General, Simplicity

Is simplicity easy?

There has been much talk about simplicity (here, here, here).  Simplicity of design.  Simplicity of use.  Simplicity!  What does it all mean?

Having spent some time thinking about this, I wanted to share my thoughts on the subject.  My thoughts are on the general subject of simplicity and I’ll be using the phrasing of “product” and “consumer” to refer to the abstract concept of a product and target audience.  Additionally there are some specific examples for illustrative purposes.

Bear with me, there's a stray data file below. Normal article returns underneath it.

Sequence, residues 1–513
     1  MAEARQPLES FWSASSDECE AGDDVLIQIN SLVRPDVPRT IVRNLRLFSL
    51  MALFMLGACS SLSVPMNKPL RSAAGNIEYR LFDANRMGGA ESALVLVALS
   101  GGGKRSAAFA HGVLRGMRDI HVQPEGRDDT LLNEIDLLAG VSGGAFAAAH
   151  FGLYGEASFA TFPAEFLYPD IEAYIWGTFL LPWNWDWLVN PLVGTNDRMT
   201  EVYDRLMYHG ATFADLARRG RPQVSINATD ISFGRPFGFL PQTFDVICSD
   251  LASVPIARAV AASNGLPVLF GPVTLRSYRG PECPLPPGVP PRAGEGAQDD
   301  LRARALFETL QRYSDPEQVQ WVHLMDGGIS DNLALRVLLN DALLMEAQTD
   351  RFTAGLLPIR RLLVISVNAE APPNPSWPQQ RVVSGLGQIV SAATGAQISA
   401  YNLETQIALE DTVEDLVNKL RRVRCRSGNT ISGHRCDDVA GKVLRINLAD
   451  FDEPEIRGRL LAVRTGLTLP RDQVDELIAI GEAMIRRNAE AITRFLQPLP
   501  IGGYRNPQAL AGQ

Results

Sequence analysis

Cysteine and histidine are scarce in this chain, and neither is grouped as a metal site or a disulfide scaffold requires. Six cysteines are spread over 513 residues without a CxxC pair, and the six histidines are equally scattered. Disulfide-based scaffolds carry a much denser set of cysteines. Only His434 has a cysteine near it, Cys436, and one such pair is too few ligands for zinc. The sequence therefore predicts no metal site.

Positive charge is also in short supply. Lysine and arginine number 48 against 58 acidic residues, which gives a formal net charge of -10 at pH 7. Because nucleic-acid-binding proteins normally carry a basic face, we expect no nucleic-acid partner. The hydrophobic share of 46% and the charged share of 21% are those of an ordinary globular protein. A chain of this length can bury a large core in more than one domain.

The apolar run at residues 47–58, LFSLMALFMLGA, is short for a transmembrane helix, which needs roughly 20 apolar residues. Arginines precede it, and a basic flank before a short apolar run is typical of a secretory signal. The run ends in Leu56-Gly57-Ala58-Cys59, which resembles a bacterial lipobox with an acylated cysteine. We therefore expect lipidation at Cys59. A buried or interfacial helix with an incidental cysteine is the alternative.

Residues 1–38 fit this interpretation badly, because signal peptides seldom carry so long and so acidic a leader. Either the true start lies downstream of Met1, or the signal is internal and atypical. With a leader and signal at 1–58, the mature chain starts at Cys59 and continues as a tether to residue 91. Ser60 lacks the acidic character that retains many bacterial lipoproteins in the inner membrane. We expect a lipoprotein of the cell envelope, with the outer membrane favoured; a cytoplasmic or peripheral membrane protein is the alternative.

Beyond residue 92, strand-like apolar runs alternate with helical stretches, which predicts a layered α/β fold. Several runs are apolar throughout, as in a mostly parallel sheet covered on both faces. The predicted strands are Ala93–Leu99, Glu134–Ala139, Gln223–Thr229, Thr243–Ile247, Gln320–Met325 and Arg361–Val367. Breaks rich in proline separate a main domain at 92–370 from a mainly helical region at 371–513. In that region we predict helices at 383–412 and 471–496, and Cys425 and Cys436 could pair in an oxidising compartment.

Are simplicity and complexity related?  The real difference between simplicity and complexity is the way in which complexity is presented to consumer.  Products that have been designed with simplicity in mind may still be complex in their functionality or topic, but not so in their usage.  To illustrate these points, I point to The Elements for iPad.  When taking chemistry in high school, students learn about the periodic table of elements, but it’s a pretty dry subject causing them to have to memorize types of elements, number of free electrons, and mnemonics such as BrINClHOF.  However, the iPad app takes the periodic table of elements to the next level, taking a complex topic and making it simple to understand.  It does so by not only presenting the standard information about each element, but showing photos of products made from each element and explaining other usages for them.  Essentially they were able to bring objects from the everyday world we live in and tie it in with the elements that they are comprised of.